3. Transmission. In Plato’s Ion, Socrates presents a picture of a chain of bards reaching from the present back to the original bard, Homer. They are transmitters of stories, and their degree of inspiration weakens as they become more distant from the beginning. (This does not necessarily account for all the features of the Homeric poems, but is one theory about traditional stories.) If you are interested in the scientific understanding of oral transmission (i.e., elf-friends), you might read The Singer of Tales by Albert Lord, one of the landmark books of literary theory in the twentieth century. During the 1930s, Lord and his teacher Milman Parry interviewed and recorded the singers of an actual oral tradition, then still alive in the countries of former Yugoslavia. On several occasions, they heard from the singers that they (the singers) took their stories from another singer (whose name I forget), but none of them actually met this singer. They all heard about him secondhand, e.g., “When I was young, my father told me that when he was quite young he heard this story from a very old singer”. Whenever Parry and Lord thought they might find the original poet, they always found that they were just a few degrees away, as if in pursuit of a shadow just a few steps ahead. What is fascinating is how Tolkien seems to have intuited many of the insights from such research. (I do not know anything about his actual familiarity with this work). It may not surprise readers of Tolkien that much of the very creative scholarship that is working out the implications of Lord’s book is being done by linguists. In any case, the point is that invention may not be a useful way of understanding stories at all, unless invention means ‘discovery’ like it should mean.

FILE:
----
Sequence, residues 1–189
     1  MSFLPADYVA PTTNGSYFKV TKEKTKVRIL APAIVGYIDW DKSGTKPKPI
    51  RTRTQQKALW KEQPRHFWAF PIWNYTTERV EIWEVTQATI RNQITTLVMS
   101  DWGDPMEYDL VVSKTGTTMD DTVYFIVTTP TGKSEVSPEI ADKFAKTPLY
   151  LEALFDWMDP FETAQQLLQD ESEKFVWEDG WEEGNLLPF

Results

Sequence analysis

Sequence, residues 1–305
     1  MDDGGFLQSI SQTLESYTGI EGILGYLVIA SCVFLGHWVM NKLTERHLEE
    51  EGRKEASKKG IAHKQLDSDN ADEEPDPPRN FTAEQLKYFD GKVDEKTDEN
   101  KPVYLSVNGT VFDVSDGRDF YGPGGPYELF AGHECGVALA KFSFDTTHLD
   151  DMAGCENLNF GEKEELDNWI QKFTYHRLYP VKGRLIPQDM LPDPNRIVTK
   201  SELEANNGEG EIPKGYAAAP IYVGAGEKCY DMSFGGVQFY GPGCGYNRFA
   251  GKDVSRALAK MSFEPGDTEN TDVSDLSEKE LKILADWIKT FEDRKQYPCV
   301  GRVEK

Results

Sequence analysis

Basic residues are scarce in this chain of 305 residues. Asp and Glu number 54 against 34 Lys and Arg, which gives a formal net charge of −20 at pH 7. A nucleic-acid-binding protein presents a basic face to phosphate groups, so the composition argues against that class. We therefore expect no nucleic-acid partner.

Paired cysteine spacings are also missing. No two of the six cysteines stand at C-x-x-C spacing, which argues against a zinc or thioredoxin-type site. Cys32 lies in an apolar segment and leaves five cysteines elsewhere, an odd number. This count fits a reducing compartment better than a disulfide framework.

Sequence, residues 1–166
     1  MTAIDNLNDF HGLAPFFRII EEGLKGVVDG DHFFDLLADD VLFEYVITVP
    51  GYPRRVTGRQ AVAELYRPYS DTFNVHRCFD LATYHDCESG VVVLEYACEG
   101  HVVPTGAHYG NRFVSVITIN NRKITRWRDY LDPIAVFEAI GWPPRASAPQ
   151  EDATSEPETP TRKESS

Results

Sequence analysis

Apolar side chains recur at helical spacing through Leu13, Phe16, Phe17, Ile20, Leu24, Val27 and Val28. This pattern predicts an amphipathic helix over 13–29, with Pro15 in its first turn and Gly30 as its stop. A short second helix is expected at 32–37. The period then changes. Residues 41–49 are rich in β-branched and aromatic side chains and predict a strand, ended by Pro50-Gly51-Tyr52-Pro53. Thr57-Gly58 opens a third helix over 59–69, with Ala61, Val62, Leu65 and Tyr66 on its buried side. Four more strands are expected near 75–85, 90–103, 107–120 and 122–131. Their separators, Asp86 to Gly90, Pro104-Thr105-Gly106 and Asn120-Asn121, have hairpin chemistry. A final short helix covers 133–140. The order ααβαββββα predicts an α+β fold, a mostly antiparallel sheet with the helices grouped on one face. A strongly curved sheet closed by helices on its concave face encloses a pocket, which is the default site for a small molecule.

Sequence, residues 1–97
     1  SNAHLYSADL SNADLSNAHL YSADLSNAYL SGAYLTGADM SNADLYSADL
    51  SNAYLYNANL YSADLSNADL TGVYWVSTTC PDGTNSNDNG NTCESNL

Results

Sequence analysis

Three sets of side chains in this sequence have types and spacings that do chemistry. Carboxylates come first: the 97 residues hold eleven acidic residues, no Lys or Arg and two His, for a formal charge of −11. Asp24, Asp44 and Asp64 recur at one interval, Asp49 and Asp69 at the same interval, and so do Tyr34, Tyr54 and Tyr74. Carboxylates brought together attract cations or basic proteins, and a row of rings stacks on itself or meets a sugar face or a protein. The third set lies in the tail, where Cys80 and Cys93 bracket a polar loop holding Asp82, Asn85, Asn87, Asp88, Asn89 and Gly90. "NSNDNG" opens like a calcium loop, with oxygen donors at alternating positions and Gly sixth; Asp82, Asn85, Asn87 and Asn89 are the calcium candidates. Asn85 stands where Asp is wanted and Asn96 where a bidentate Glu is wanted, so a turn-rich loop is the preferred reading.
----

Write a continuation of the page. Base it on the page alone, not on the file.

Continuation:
JCT